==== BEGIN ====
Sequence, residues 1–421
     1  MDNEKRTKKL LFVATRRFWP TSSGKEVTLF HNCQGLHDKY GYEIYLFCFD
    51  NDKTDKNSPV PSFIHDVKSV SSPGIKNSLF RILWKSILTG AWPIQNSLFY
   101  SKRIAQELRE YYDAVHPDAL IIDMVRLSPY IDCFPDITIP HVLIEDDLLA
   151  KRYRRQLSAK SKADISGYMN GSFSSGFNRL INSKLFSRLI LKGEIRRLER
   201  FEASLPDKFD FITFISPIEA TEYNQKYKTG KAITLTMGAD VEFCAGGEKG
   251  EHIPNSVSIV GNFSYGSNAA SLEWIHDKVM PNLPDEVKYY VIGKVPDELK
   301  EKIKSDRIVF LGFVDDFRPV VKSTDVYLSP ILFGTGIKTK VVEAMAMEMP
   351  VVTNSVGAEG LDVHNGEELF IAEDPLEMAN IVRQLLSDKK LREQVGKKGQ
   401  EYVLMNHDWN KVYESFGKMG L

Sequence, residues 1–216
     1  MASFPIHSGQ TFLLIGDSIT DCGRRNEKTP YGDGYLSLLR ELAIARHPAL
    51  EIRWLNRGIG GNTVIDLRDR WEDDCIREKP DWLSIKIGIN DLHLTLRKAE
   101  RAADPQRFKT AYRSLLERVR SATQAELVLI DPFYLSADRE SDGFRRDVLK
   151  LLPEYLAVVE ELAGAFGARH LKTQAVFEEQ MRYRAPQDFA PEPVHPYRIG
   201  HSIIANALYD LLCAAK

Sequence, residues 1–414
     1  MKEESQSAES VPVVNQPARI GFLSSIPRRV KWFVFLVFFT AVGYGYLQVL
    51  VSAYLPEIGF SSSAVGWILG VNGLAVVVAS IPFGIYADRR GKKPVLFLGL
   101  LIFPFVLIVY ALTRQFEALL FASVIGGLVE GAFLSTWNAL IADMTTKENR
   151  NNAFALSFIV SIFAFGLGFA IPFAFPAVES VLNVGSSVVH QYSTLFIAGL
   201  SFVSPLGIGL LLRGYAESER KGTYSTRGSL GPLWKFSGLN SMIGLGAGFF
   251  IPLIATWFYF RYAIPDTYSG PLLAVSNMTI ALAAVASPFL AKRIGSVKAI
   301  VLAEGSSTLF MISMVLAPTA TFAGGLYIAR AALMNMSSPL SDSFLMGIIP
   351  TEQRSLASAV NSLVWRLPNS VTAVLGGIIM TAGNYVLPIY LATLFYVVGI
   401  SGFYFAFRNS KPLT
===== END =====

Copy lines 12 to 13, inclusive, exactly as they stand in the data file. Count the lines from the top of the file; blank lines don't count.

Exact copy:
     1  MASFPIHSGQ TFLLIGDSIT DCGRRNEKTP YGDGYLSLLR ELAIARHPAL
    51  EIRWLNRGIG GNTVIDLRDR WEDDCIREKP DWLSIKIGIN DLHLTLRKAE